Dr. Angelou’s words and actions continue to stir our souls, energize our bodies, liberate our minds, and heal our hearts. Angelou, a prominent and celebrated author, poet, educator, producer, actress, filmmaker, and civil rights activist, is currently the Reynolds Professor of American Studies at Wake Forest University in North Carolina. Dr. Angelou served on two presidential committees, and was awarded the Presidential Medal for the Arts in 2000 and the Lincoln Medal in 2008.

“Dr. Maya Angelou, out of youth marked by pain and injustice, rose to fight for civil rights. Through soaring poetry and prose she has spoken to the conscience of our nation," said President Obama. The President bent down to kiss Dr. Angelou on the cheek after putting the Medal of Freedom around her neck. During the President's speech, he said Dr. Angelou had such an impression on his mother, she named her daughter Maya. Dr. Angelou received the Presidential Medal of Freedom for her poetry and activism.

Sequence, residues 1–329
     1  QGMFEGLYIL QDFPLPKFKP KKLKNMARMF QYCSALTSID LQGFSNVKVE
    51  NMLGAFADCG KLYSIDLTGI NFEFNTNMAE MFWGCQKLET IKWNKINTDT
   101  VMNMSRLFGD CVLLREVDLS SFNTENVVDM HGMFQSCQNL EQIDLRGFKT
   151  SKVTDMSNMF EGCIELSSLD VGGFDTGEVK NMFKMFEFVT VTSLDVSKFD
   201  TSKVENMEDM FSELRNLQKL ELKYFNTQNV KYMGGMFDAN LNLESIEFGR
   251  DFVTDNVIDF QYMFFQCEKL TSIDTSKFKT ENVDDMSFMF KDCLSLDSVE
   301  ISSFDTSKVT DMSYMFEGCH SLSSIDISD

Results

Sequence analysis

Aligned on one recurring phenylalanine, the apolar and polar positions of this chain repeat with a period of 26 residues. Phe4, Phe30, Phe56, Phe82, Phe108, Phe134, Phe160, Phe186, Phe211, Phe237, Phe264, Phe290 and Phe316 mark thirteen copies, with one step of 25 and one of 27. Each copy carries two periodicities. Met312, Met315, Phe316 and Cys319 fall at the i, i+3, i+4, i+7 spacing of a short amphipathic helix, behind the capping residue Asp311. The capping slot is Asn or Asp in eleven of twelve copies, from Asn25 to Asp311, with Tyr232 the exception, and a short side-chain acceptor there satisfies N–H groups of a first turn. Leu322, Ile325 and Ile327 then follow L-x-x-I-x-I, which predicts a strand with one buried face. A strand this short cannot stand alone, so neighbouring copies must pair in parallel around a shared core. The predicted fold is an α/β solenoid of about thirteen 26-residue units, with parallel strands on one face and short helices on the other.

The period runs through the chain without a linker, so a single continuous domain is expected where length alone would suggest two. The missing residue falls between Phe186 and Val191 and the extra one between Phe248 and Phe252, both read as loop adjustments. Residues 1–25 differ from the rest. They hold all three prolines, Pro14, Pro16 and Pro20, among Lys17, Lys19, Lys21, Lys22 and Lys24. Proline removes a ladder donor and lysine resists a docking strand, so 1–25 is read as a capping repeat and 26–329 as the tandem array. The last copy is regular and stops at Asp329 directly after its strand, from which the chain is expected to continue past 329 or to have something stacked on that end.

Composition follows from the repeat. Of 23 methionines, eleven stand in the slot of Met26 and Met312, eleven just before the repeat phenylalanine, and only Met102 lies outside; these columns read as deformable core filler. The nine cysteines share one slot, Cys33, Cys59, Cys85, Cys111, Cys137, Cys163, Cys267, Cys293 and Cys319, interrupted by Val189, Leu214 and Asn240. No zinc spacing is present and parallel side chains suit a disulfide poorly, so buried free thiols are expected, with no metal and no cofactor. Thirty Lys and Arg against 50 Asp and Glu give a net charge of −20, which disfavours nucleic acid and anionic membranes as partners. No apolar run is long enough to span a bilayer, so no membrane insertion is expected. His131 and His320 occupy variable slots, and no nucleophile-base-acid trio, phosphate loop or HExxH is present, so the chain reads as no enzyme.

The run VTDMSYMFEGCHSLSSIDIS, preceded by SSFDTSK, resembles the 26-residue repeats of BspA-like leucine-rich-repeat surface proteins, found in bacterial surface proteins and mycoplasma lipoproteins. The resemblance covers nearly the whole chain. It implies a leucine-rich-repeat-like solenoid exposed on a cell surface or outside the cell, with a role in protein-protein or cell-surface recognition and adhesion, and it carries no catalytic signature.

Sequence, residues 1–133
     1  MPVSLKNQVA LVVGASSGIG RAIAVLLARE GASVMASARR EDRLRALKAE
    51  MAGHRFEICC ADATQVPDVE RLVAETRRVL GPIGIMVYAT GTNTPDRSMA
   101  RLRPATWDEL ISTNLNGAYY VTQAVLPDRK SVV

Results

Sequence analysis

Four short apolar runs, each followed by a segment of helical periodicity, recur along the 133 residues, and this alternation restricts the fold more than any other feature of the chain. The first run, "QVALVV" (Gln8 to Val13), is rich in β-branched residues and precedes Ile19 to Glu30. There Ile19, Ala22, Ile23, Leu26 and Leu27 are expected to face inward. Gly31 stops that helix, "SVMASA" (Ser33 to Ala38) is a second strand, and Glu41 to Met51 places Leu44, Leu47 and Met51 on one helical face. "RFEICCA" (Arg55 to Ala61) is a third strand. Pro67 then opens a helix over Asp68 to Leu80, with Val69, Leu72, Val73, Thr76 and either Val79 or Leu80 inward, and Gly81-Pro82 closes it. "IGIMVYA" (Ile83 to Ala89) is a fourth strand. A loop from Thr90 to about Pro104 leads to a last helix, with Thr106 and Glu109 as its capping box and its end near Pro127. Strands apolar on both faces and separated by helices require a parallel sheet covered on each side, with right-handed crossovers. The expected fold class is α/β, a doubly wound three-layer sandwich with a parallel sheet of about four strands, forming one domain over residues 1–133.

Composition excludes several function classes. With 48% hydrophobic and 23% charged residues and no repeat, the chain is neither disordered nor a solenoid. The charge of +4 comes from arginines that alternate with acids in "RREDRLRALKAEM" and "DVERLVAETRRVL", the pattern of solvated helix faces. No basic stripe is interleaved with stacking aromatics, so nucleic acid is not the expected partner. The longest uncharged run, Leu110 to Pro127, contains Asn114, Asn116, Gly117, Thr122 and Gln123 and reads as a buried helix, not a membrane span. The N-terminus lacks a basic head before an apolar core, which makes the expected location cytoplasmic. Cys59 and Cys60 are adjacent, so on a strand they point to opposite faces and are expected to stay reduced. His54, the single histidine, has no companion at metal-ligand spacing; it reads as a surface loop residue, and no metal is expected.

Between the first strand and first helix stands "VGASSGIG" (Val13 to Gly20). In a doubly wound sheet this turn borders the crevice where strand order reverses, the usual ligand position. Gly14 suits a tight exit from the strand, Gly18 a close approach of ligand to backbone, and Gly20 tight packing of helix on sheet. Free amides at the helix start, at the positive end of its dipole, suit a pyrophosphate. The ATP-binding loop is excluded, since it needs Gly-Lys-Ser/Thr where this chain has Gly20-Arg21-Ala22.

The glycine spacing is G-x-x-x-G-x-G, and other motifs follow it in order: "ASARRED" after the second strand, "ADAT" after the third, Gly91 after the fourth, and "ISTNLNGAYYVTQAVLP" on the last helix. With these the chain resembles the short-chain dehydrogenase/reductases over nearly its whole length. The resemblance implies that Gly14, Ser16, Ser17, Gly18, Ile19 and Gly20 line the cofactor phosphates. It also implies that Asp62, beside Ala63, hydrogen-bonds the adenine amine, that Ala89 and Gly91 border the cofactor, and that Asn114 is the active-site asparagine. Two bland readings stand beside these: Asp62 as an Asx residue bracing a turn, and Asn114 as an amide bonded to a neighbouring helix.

The complete list of the 2010 Presidential Medal of Freedom award recipients is as follows: former President George H. W. Bush, German Chancellor Angela Merkel, Congressman John Lewis, Natural Resources Defense Council co-founder John Adams, poet and activist Maya Angelou (Winston-Salem NC native), Industrialist and Philanthropist Warren Buffet, Artist Jasper Johns, Civil rights activist Sylvia Mendez, VSA founder and former Ambassador to Ireland Jean Kennedy Smith, Holocaust survivor and activist Gerda Weissmann Klein, Dr. Tom Little (posthumous) who was killed in Afghanistan, Musician/cellist Yo-Yo Ma, former Boston Celtic basketball player Bill Russell, Baseball Hall of Famer Stan Musial, and former AFL-CIO President John Sweeney.